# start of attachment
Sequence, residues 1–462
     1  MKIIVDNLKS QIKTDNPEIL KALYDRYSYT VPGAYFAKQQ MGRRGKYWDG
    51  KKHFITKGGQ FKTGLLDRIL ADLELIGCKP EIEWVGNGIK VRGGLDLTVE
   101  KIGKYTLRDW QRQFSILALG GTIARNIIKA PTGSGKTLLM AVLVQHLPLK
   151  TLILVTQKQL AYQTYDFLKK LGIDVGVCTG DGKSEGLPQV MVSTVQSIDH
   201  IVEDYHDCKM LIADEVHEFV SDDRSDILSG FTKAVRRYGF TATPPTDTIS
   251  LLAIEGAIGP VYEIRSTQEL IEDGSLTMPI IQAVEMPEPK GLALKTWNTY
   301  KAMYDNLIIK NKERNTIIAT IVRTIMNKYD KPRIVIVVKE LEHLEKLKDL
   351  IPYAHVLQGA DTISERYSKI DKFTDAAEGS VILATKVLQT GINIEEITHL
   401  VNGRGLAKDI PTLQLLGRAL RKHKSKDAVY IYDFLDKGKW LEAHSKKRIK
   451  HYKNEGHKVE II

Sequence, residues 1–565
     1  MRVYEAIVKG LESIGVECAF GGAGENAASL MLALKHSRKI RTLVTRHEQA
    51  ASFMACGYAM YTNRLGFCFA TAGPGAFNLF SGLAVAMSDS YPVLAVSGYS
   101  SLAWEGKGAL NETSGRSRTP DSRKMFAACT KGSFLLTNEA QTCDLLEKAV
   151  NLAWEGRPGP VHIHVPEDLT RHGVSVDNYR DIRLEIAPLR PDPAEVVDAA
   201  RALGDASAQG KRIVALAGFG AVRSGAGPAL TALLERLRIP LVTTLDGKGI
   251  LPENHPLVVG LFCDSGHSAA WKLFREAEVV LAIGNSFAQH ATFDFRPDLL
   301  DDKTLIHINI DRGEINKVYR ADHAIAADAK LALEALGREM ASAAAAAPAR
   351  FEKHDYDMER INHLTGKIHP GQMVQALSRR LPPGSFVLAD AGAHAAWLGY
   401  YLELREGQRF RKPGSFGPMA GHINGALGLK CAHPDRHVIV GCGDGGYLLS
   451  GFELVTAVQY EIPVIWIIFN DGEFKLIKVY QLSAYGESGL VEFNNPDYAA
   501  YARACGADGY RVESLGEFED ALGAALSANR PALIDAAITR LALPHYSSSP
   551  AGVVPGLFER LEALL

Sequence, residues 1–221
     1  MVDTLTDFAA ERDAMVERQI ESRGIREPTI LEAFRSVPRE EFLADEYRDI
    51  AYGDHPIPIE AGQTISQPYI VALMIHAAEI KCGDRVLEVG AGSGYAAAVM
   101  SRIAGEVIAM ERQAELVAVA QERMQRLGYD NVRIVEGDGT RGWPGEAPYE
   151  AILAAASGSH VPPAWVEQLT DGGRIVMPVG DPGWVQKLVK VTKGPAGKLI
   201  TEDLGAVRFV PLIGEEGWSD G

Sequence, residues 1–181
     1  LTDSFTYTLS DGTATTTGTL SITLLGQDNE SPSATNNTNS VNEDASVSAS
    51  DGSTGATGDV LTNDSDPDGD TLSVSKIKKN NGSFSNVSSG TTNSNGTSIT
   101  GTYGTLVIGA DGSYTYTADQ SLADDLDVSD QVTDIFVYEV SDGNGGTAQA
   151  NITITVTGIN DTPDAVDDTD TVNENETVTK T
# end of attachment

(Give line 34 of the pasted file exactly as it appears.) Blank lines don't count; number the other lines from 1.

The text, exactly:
   101  GTYGTLVIGA DGSYTYTADQ SLADDLDVSD QVTDIFVYEV SDGNGGTAQA